Studies on the rumen flagellate Neocallimastix frontalis

Journal of General Microbiology
C G Orpin

Abstract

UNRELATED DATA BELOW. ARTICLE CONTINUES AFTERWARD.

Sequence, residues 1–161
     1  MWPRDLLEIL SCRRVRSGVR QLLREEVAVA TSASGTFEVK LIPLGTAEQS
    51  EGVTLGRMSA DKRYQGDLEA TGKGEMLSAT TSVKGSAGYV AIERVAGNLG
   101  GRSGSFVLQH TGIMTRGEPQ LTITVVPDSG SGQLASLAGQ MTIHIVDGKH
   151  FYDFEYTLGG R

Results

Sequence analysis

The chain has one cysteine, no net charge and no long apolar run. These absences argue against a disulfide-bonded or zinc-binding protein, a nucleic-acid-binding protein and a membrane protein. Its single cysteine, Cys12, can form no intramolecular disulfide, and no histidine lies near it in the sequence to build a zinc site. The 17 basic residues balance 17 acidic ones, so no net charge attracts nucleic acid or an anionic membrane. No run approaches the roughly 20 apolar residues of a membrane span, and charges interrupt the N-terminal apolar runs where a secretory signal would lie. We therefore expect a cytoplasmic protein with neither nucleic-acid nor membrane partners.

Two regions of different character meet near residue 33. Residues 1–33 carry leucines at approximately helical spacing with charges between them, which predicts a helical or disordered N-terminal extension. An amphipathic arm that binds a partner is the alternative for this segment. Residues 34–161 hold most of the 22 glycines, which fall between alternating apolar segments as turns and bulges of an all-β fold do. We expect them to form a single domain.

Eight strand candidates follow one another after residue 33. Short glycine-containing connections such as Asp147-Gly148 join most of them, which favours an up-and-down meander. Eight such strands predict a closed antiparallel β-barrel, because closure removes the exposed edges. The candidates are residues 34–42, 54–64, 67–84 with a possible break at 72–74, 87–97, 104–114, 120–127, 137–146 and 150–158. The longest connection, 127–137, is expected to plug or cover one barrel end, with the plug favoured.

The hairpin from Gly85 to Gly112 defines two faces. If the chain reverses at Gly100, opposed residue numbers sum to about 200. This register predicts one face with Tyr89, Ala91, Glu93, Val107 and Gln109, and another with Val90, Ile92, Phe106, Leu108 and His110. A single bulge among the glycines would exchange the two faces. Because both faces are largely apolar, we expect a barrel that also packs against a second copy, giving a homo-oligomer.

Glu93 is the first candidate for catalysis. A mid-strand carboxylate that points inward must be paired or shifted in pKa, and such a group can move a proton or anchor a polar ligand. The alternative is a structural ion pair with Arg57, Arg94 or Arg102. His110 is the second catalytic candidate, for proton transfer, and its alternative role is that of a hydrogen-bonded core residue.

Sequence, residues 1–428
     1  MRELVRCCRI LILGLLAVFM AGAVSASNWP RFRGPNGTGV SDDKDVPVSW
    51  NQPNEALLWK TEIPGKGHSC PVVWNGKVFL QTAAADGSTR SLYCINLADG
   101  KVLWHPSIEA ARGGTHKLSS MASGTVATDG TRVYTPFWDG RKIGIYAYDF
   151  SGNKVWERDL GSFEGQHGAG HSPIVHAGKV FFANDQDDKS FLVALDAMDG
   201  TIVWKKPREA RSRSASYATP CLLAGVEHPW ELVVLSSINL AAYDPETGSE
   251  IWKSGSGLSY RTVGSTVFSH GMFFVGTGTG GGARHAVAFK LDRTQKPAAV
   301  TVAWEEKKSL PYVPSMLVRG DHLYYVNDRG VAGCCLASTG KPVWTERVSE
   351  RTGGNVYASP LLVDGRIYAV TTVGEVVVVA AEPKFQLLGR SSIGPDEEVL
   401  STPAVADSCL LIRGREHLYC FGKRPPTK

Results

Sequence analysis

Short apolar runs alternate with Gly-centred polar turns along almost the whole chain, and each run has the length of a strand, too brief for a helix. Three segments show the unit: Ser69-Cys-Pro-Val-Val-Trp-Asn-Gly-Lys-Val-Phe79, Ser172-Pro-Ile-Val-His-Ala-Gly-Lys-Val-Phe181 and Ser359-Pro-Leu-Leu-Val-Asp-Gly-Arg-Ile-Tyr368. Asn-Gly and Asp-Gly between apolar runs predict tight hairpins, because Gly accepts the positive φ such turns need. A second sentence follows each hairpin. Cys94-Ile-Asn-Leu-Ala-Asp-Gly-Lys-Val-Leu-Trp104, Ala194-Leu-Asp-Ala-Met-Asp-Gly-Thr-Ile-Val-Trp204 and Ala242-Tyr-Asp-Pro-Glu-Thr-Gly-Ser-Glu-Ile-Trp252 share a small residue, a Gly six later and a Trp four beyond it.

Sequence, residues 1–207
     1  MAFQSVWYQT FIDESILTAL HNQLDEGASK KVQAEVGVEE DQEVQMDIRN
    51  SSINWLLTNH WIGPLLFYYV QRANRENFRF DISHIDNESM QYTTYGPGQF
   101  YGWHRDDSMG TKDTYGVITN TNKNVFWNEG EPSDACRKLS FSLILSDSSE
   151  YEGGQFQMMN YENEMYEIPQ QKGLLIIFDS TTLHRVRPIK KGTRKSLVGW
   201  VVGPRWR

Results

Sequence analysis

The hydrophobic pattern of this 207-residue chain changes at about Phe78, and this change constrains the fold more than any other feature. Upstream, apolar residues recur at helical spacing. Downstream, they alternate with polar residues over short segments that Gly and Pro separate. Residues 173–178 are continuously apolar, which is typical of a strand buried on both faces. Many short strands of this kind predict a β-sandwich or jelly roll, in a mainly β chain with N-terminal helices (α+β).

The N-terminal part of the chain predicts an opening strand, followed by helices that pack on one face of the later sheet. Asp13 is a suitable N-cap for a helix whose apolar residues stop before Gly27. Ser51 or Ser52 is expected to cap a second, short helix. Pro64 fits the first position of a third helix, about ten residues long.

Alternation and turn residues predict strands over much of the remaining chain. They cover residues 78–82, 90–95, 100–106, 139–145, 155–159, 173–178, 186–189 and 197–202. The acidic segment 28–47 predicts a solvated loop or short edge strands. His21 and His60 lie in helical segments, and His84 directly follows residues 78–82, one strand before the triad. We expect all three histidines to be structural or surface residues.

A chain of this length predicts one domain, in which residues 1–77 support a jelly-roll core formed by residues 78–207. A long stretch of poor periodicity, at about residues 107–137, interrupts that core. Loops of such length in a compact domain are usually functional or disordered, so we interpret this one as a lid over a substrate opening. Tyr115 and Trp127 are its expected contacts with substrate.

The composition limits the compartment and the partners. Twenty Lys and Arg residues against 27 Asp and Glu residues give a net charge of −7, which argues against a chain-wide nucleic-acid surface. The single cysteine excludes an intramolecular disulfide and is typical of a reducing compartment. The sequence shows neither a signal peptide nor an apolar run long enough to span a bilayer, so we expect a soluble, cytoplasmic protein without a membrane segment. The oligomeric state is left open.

The vast increase in the population density of the rumen flagellate Neocallimastix frontalis shortly after the host animal has commenced eating is caused by stimulation of a reproductive body on a vegetative phase of the organism to differentiate and liberate the flagellates. The stimulant is a component of the host's diet. The vegetative stage of N. frontalis bears a strong morphological resemblance to that of certain species of aquatic phycomycete fungi, and consists of a reproductive body borne on a single, much branched rhizoid. The flagellates liberated in vivo within 15 to 45 min of feeding lose their motility within I h and develop into the vegetative phase, thus producing a rapid decrease in population density of the flagellates. Conditions for maximum flagellate production are similar to those occurring in the rumen: pH 6-5, 39 degrees C, absence of O2, presence of CO2. Differentiation of the reproductive body is inhibited by compounds affecting membrane structure and function, but not by inhibitors of protein synthesis. The organism was cultured in vitro in an undefined medium in the absence of bacteria or other flagellates.

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